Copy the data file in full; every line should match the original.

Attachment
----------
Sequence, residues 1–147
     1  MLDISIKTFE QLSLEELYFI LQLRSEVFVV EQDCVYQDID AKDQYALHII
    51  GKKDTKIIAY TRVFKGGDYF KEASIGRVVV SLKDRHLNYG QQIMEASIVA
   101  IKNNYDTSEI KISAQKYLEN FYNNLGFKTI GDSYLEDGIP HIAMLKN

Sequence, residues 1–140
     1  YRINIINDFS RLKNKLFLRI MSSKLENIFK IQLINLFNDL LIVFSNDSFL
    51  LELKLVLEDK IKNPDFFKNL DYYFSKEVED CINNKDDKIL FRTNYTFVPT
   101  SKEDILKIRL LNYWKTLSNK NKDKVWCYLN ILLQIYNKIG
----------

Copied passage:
Sequence, residues 1–147
     1  MLDISIKTFE QLSLEELYFI LQLRSEVFVV EQDCVYQDID AKDQYALHII
    51  GKKDTKIIAY TRVFKGGDYF KEASIGRVVV SLKDRHLNYG QQIMEASIVA
   101  IKNNYDTSEI KISAQKYLEN FYNNLGFKTI GDSYLEDGIP HIAMLKN

Sequence, residues 1–140
     1  YRINIINDFS RLKNKLFLRI MSSKLENIFK IQLINLFNDL LIVFSNDSFL
    51  LELKLVLEDK IKNPDFFKNL DYYFSKEVED CINNKDDKIL FRTNYTFVPT
   101  SKEDILKIRL LNYWKTLSNK NKDKVWCYLN ILLQIYNKIG